Monday, July 12, 2010

Listening to Guy Kawasaki

A couple of months ago I had the opportunity to hear Guy Kawasaki speak at a conference in Banff, Alberta. I was very excited to hear Guy live and in person, because I have seen his books in just about every airport bookstore I have visited, though I have never actually bought one. Of his, that is.

There is no one particular reason that I haven't ever purchased a book written by Mr. Kawasaki. Sometimes I had already committed to purchasing another book, and I have a strict policy in airport bookstores; one book at a time. As a seasoned business traveler, I judiciously evaluate the exact weight of the carry-on bag that I will soon be hoisting into the overhead compartment. Space in my computer bag is precious, and there are many essentials that have priority status over a second book.

  • Laptop & Cellphone (necessary evils)
  • FranklinCovey Planner (The best calendar/task list/note pad/address book/wallet ever invented)
  • Bose Quiet Comfort 2 Noise Canceling Headset (seriously, if you have never tried these, you must).
  • MP3 Player (Guy would be disappointed to hear that it isn't an iPod)
  • Inflatable Neck Pillow, Ear Plugs, & Eye Shades (being well rested is far more important than looking cool on a plane full of strangers)
  • Change of clothes (undies, t-shirt, socks - in case my luggage is lost)
  • One Book (if I finish it, I sent it home in the mail, and buy another one)
That leaves just enough room for a couple of pencils, business cards, important files, and other work related necessities, but nothing more. (Of course, now that I have a Kindle, I can download the entire Guy Kawasaki library if I like, and I might just do that.)

Guy's keynote address at Mountain Travel Symposium was a great way to begin the annual forum for ski & snowboard travel professionals. Guy is a snowboarder himself, and he was immediately able to engage the crowd. Mr. Kawasaki began his presentation, How to Drive Your Competition Crazy, by acknowledging that competition in the ski & snowboard industry is not between the different resorts or hotels, but between skiing and the other activities that families can choose alternatively (e.g. amusement parks, cruises). I definitely agree with this point, and have often encouraged my colleagues and partners to search for collaborative opportunities before focusing on competitive strategy.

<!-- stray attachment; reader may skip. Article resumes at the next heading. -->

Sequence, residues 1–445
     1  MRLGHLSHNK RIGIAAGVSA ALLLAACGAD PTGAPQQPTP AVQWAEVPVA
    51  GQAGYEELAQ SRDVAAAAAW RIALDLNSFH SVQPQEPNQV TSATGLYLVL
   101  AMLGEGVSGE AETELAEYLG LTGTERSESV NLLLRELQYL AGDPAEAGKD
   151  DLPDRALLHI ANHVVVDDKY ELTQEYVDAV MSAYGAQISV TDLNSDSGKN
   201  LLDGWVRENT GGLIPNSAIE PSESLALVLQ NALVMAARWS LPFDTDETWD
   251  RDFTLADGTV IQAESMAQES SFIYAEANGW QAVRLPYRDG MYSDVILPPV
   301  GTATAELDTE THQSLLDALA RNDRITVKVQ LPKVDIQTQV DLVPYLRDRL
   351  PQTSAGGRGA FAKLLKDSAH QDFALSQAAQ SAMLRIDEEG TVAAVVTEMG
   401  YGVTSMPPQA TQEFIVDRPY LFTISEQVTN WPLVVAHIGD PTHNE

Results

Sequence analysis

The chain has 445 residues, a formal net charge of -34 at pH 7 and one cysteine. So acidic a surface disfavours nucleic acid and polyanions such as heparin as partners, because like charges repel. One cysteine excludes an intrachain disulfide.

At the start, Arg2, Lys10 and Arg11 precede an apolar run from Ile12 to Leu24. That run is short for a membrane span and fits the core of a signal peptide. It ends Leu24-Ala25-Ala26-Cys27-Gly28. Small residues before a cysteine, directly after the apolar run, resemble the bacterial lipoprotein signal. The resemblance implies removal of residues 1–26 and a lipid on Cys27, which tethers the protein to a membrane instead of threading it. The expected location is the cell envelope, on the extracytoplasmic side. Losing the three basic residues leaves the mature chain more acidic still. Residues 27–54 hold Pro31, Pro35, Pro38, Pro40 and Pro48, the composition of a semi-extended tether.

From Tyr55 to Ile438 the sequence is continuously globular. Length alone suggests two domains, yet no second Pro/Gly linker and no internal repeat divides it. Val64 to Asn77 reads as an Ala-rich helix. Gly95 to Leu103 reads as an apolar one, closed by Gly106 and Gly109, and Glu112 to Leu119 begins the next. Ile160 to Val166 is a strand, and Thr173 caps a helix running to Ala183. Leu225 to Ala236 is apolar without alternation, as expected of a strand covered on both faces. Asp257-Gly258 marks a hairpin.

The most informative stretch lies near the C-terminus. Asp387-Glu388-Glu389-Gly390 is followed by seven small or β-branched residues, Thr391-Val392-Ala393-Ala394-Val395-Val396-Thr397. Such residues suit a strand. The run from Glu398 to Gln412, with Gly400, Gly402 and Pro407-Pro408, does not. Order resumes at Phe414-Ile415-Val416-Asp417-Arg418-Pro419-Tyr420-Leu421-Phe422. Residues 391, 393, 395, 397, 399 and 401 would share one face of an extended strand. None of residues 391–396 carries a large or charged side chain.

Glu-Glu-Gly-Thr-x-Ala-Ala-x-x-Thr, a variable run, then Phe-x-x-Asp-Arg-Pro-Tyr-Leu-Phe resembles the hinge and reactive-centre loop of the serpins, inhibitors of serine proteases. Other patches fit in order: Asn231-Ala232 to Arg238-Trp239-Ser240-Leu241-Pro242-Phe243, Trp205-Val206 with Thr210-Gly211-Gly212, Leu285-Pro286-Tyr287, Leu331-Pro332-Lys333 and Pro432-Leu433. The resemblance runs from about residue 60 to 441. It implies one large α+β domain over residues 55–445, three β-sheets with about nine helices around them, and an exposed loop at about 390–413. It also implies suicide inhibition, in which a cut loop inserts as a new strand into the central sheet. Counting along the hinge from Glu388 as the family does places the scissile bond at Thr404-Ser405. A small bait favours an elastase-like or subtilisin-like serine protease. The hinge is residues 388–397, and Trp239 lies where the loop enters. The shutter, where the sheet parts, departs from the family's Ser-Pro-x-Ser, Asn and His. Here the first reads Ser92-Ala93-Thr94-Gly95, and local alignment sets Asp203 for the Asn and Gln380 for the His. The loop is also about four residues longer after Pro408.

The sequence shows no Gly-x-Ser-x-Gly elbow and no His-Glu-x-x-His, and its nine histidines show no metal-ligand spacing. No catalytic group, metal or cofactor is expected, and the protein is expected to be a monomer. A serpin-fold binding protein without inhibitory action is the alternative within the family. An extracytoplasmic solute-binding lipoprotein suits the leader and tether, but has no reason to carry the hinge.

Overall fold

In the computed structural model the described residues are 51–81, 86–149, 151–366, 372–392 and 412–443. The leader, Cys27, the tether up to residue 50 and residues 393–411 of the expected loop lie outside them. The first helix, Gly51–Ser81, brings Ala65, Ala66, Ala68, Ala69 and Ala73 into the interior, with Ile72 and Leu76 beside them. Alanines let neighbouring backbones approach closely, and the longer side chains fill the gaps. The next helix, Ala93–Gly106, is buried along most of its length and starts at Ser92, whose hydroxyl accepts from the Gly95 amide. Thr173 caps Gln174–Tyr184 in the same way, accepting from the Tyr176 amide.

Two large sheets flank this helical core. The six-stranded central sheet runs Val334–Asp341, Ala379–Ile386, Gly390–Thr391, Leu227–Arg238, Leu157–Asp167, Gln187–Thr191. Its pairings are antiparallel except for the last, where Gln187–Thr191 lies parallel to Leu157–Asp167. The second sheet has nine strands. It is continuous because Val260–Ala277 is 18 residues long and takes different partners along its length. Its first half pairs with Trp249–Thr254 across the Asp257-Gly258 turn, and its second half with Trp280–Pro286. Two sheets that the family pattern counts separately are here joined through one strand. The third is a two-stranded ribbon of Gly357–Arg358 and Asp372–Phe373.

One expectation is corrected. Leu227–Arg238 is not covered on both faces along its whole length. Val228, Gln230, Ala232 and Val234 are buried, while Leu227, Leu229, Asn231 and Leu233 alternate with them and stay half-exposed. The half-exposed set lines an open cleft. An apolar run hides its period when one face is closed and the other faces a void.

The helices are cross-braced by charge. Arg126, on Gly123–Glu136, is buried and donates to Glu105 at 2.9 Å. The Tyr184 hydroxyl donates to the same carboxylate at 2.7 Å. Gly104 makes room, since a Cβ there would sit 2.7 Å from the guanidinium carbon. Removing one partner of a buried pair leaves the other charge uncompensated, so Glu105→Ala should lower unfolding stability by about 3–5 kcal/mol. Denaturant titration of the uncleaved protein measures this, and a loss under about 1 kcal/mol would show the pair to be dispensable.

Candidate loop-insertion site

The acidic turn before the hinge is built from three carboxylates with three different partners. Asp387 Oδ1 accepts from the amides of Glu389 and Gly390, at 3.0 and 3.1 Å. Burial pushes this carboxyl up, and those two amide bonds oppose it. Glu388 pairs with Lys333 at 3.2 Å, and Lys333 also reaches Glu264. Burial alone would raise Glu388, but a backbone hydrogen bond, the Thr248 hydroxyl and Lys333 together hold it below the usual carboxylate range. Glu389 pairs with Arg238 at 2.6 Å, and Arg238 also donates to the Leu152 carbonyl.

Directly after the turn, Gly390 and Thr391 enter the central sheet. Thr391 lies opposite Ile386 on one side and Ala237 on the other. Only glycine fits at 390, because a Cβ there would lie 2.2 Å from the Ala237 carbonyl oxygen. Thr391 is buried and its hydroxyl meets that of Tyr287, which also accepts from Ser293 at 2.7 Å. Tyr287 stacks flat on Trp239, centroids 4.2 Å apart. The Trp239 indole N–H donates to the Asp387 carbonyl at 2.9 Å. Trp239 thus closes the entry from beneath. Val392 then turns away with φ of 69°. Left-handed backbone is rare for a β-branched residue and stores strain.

Bending his own 10-20-30 rule, Guy used a PowerPoint format to illustrate his 10 techniques for driving your competition crazy. While all of the points contained merit, it was #2 that struck the deepest cord within me.

#2 - Talk to your customers

Now, this is hardly a revolutionary suggestion, and the reason it affected me so much was not because of the message it carried. It was the choice of words. Talk to your customers. While perhaps unintended, the use of the word "to" limits the effectiveness of this technique. Rather than talk to your customer, wouldn't it be better to talk with your customer?

Engaging your customers in true dialogue is the best way to understand who they are and what they need. The conversations that you have with your clients are as much a part of your business as the products and services that you sell. Face it, there are likely dozens (or even hundreds) of companies competing for your client, and the only chance you have of differentiating your company is to converse with your client. You need to establish a relationship with your client if you are ever going to have the chance to explain to them why doing business with you is the best choice.

I realize that I am splitting hairs here, and Mr. Kawasaki probably intended his rule #2 to encourage dialogue, but I have witnessed all too often how companies mistake their one-sided messaging for engaging communication. You need look no further than Facebook or Twitter to see examples of companies using a conversational platform to talk at their customers, rather than with them.

I have also witnessed companies making the complete opposite error. They mistake listening to their customer for true dialogue. Trust me, your customer does not always know what they want. Also, is not often obvious to your customer what you, the company, needs from them. Conversation is the key to collaborating with your clients.

The point of all this is that, true to Mr. Kawasaki's presentation, the better you communicate with your customer, the more you will Drive Your Competition Crazy. I highly encourage you to pick up one (or all) of Guy Kawasaki's books. I personally can't wait to dive into his latest release, Reality Check: The Irreverent Guide to Outsmarting, Outmanaging, and Outmarketing Your Competition.

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